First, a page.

Princesses, god-like alien boy scouts and billionaires. When I was a child DC superheroes never appealed, and I think the reason lay with their remoteness from the real world. Sure they would occasionally sweep down from their secret bases onto the mean streets of Gotham or Metropolis (even the cities were made up) to beat up some working-class henchmen, but they got their moral authority (such as it was) from being above such things. In Wayne Manor, the Fortress of Solitude and wherever Wonder Woman lived (Paradise Island?) they didn’t have to mix with ordinary people.

The heroes Stan Lee created at Marvel in the 1960s, by contrast, are from realistic communities – suburbs, rough inner cities, Yancy Street. Even when their heroes were gods they behaved like teenagers, fighting with their brothers and defying their dad. The Black Panther was royalty, but he was cool, black, African royalty. And when they did have a millionaire hero (Tony Stark), the arms-dealer’s origin involves him having his heart ripped out to teach him the error of his ways.

While watching Christopher Nolan’s mostly excellent Batman Begins, I was reminded very forcefully of why I have always found DC heroes so distant.

There is a scene, shown in flashback, of the Wayne family’s fateful journey to the theatre. They are travelling on a train and, as a depression-hit Gotham trundles past, daddy-Wayne explains to his son how his money built the train, the skyscraper that dominates the skyline and the station that entrenches Wayne Enterprises at the city’s heart. And he’s done it all, daddy says, to help the poor. But, that’s not all! He’s also given up running the family multi-national so that he can devote his time to saving the poor as a hospital doctor.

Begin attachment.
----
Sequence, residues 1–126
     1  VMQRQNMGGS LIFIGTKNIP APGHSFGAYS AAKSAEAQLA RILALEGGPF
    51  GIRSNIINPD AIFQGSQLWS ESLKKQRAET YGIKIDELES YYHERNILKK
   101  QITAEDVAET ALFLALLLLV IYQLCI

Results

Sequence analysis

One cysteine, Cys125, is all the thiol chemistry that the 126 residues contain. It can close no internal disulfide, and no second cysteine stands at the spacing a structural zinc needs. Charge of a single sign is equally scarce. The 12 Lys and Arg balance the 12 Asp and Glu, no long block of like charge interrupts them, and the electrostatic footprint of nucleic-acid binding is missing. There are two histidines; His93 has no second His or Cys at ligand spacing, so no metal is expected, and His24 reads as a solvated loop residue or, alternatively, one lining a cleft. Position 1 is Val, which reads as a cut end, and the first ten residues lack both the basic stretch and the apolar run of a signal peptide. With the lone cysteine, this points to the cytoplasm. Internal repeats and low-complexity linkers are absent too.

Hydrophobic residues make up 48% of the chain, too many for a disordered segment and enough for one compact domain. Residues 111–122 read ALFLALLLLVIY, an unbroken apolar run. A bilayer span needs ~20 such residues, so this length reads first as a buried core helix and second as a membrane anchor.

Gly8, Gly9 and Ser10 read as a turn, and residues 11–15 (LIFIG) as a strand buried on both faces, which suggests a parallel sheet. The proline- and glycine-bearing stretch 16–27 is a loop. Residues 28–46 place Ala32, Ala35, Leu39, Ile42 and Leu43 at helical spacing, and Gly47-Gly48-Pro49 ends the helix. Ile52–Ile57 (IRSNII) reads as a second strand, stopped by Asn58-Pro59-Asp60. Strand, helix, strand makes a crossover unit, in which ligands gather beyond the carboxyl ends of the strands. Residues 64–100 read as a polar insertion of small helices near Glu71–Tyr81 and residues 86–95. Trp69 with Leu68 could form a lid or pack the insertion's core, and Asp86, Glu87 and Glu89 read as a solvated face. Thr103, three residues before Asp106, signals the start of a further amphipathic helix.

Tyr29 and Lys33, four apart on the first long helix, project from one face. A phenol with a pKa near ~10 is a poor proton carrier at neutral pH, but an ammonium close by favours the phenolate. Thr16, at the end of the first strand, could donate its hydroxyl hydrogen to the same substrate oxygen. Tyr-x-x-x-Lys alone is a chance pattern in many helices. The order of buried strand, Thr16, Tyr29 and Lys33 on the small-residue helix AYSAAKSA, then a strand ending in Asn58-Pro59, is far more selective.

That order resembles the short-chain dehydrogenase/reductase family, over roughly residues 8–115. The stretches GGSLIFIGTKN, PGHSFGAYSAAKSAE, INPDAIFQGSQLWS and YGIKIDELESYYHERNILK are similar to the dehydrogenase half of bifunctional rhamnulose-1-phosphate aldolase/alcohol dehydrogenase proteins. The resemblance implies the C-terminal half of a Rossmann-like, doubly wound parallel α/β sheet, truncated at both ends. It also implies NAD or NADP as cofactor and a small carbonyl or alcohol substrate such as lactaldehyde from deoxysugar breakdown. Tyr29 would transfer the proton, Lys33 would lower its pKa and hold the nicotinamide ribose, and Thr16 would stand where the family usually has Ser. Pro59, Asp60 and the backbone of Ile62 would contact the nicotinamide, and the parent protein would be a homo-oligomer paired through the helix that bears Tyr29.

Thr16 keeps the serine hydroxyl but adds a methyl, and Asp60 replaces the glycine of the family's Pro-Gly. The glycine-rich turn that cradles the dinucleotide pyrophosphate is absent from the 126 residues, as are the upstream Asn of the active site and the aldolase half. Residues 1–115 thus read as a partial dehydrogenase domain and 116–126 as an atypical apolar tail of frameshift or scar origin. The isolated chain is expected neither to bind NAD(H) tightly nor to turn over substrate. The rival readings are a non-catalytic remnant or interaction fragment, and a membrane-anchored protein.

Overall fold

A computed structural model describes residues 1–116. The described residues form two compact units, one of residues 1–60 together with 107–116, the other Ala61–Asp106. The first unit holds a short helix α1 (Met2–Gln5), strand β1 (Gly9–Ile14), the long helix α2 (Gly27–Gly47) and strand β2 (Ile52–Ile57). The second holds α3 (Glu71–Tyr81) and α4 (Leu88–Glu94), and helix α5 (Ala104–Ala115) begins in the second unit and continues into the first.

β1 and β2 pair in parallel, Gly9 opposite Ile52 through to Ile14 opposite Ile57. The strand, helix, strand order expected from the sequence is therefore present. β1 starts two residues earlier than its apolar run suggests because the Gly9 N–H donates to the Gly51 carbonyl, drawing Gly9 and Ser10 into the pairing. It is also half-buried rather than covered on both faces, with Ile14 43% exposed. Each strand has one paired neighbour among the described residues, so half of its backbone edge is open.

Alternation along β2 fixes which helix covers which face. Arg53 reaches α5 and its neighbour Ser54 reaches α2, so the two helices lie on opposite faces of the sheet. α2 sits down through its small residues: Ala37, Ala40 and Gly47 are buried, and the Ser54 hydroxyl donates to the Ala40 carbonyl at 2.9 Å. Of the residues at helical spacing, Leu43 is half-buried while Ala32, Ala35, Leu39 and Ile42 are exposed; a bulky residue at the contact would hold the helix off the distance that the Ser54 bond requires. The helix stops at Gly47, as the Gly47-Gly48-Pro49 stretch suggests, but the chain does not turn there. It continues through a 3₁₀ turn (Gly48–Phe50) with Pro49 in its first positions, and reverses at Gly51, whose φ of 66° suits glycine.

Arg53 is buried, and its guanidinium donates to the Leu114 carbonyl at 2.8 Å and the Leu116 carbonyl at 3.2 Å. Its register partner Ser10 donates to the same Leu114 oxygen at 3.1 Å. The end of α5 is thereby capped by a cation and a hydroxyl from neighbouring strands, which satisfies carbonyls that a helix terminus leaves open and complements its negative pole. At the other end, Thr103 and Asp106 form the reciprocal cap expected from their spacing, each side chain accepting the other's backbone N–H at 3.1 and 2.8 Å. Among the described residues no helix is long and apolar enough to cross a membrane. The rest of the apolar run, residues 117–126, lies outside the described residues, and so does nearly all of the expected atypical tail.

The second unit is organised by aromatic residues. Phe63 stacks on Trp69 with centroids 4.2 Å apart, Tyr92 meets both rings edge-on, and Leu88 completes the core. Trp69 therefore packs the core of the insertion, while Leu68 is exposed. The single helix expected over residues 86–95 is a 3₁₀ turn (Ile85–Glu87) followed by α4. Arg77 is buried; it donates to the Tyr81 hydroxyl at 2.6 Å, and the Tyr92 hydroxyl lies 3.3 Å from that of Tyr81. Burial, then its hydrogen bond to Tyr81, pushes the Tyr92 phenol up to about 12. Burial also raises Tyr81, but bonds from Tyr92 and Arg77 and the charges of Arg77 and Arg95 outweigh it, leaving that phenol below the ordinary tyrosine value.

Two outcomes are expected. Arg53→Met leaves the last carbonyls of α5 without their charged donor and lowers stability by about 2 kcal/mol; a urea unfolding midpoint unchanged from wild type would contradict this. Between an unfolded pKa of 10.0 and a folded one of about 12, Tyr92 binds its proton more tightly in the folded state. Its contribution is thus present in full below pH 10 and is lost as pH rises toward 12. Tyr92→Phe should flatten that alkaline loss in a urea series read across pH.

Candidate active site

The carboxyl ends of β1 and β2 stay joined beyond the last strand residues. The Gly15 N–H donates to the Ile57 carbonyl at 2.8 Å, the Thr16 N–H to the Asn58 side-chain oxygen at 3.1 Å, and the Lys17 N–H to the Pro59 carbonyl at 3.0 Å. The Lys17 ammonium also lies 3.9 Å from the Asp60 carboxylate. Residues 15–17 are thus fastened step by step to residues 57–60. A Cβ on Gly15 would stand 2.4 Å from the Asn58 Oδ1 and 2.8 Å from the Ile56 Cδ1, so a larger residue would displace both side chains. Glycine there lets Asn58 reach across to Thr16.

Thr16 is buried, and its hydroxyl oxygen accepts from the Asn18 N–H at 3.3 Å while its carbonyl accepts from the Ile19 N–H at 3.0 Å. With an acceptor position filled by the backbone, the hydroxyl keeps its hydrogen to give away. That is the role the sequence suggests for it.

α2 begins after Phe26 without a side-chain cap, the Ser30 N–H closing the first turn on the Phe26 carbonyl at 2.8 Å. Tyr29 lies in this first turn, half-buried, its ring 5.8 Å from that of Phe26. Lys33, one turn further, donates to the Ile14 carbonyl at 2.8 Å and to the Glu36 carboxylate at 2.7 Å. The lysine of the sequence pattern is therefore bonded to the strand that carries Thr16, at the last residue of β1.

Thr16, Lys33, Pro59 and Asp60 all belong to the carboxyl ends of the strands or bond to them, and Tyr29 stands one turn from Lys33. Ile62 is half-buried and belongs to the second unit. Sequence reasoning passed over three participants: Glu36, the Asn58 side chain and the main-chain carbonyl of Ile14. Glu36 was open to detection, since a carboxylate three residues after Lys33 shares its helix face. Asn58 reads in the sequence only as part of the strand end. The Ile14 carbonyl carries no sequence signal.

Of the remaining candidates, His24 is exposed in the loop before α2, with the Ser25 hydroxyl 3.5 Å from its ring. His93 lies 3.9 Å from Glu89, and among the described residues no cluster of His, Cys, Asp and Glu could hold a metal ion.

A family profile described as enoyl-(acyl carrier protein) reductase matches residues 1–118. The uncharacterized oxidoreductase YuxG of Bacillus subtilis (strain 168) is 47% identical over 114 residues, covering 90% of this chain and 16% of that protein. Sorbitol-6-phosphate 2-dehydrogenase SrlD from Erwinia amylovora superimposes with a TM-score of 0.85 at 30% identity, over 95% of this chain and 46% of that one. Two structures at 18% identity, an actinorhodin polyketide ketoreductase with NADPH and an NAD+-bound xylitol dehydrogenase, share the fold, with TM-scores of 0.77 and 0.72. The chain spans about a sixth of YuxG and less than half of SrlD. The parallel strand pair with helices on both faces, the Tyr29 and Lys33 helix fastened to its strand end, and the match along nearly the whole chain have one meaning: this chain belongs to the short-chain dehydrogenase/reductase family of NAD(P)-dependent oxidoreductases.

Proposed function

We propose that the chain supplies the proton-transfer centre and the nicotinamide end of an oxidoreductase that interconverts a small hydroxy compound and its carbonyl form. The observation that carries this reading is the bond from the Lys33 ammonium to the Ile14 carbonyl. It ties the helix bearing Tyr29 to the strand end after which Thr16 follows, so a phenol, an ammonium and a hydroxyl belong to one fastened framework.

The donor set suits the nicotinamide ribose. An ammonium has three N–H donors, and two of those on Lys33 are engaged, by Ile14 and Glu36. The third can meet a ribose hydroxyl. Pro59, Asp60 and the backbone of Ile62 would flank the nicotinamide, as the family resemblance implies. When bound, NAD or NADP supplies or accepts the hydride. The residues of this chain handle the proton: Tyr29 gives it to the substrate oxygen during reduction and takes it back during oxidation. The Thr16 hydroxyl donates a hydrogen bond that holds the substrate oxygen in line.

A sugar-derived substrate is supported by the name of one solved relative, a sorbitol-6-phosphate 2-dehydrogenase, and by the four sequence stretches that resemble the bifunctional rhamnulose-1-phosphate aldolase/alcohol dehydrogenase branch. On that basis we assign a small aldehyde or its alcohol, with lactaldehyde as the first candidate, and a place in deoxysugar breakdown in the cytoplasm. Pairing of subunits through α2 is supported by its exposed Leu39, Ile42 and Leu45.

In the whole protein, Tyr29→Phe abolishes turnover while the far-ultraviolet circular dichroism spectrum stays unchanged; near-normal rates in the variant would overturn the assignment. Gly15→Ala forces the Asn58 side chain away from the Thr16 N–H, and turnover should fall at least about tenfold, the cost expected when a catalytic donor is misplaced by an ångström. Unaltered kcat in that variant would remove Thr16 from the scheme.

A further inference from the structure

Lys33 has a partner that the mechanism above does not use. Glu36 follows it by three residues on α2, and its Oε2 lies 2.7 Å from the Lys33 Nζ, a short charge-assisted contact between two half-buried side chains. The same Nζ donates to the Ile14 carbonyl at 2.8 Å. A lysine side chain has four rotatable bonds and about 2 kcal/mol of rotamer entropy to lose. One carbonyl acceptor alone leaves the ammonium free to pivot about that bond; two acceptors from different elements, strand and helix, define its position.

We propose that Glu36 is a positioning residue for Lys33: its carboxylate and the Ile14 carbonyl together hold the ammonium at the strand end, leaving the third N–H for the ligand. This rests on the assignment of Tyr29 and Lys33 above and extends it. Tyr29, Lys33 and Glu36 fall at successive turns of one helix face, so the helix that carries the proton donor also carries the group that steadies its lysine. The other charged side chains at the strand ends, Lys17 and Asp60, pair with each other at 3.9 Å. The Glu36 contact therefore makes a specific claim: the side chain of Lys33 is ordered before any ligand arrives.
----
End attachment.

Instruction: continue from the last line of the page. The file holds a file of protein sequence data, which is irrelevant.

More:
At the end of this condescending paean to patrician smugness, Joe Chill could get in line, I was ready to shoot the bugger myself.

Bruce, doesn’t ask the obvious question: “If you’re so magnanimous, why not pay a few of the city’s unemployed to cover up the huge hole in the garden I just fell down and, while they’re there, could they clear out the billions of bats that scare the bejesus out of me?” He is too awed by daddy’s munificence.

None of which has anything to do with the obvious qualities of Nolan’s exciting and surprisingly witty film. A strong performance from Bale (Bruce/Batman) is only slightly marred by the actor’s perpetual coldness. He has support from three of cinema’s finest (Caine, Neeson and Freeman) and the others (Wilkinson, Oldman and Murphy) are hardly less impressive. Caine (faithful butler Alfred) and Murphy (Crane/Scarecrow) stand out in particular. Only Holmes, as the love interest, fails to convince.

Nolan does an excellent job, taking the source material seriously enough so that the plot matters while also displaying a surprisingly light touch. There is a nice sense of fun in the way he plays with the potentially daft Bat-paraphernalia. The scenes between Bruce and Lucius Fox (Freeman) are funny and nicely balance the film’s potentially overwhelming grittiness.

The fight scenes are brutally realistic. They are not pretty or as spectacular as recent wire-fu extravaganzas, but they fit the film’s mood. Gotham is beautifully realised, a real, rundown city not the wild gothic creation of Burton or the plastic fantasia of Schumacher.

Batman Begins is an excellent summer movie, balancing action and character development, wit and violence, style and substance.

Shame, though, that I still can’t warm to a hero who seems to represent rich peoples’ primal fear of the poor, and who returns at dawn to his mansion, servants and billion-dollar business.

(Originally published in Matrix 173, July/Aug 2005)

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